“It was the best of times, it was the worst of times,” the classic Charles Dickens line goes, and it can be applied to the experience of Frederick Ma Si-hang as chairman of Hong Kong’s trouble-plagued MTR Corporation.
And in his case, the best has been overshadowed by the worst.
Amid a slew of revelations and allegations about construction and quality control problems, there was a moment of relative relief for Ma when the long-awaited opening date for the Guangzhou-Shenzhen-Hong Kong express rail link was confirmed as September 23.
While this can be seen as a significant milestone under Ma’s leadership of the railway giant, the past week must be the darkest period of his decades-long career.
He is under tremendous political pressure from both the opposition pan-democrats and the pro-establishment camp to step down.
Rival factions in the legislature have temporarily set aside partisan politics to focus on a common target and demand accountability at the top of the MTR Corp, where several heads have already rolled, including that of CEO Lincoln Leong Kwok-kuen and some senior managers.
“Accountability” has become such a fashionable term in Hong Kong over the past years, especially to critical lawmakers who closely scrutinise government departments and public bodies. So it’s being fiercely applied this time, with the MTR Corp’s woes snowballing and the government ordering it to suspend all excavation work at a major station on its Sha Tin-Central link, the city’s most expensive railway project.
Indeed, the MTR Corp – usually the pride of the city – is in a crippling crisis, with public confidence shattered.
The past few days have seen the pan-democrats launch a signature campaign urging Ma and transport minister Frank Chan Fan to resign. Some are proposing a motion of no confidence against Ma in the Legislative Council, while the pro-establishment camp is demanding “sincere” apologies from the MTR Corp’s top brass.
It has also been reported that some among the establishment’s traditional political allies are trying a tactic “to save Chan the minister by giving up Ma the chairman”.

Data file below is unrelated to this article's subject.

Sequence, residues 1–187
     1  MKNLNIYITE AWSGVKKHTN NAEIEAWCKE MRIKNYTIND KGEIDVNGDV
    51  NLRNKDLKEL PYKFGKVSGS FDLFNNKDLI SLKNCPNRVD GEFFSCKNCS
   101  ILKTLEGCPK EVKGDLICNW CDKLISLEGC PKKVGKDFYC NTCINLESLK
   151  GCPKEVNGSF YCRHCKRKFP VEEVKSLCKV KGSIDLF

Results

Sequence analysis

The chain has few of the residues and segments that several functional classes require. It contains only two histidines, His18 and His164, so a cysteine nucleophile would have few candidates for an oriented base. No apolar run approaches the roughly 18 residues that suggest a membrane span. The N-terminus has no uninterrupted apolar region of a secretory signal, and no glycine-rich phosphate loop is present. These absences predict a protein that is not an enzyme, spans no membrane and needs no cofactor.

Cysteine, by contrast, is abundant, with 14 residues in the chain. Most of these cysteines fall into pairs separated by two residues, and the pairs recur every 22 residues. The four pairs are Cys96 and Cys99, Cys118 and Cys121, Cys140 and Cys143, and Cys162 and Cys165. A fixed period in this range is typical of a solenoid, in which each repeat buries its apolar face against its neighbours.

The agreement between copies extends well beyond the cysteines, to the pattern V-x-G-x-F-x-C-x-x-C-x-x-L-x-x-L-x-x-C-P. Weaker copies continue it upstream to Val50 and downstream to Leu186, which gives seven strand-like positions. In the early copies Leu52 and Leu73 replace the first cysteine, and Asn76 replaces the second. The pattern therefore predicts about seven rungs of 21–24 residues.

Sound logical? And how much accountability is enough?
According to Chief Executive Carrie Lam Cheng Yuet-ngor, accountability rests in different layers. While senior MTR executives monitoring daily operations had to take immediate responsibility, she twice rejected the chairman’s offer to resign, asking him to “stay for a while” and help find new talent.
How long “a while” will last may be up to Lam, but it’s fair enough to Ma, who, at the very top of the MTR hierarchy, is neither a technical expert nor directly involved in daily construction details. It also gives Lam and her administration a good reason to “save” the transport minister, who sits on the MTR board, to play an overall supervisory role without being involved in daily operations.
Some may still argue that Ma, as chairman, will ultimately have to take full responsibility. That is not without reason. But in theory, the chairman of this listed company is accountable to the board – unlike Chan the minister.
It would make sense for the politicians to urge the government, which owns 75 per cent of the MTR Corp, to restructure the company and put a senior government official in the chairman’s post to make it more effective.
Those pushing the “save Chan by giving up Ma” option may want to rethink whether it makes sense, given that there is not much of a difference between these two posts when it comes to political accountability.
At these “worst of times” for the reputation of the city’s globally respected rail operator, when public safety is in the spotlight, politics should not decide its fate.
Going back to the original literary analogy, hopefully a new “season of Light” will prevail over this “season of Darkness”.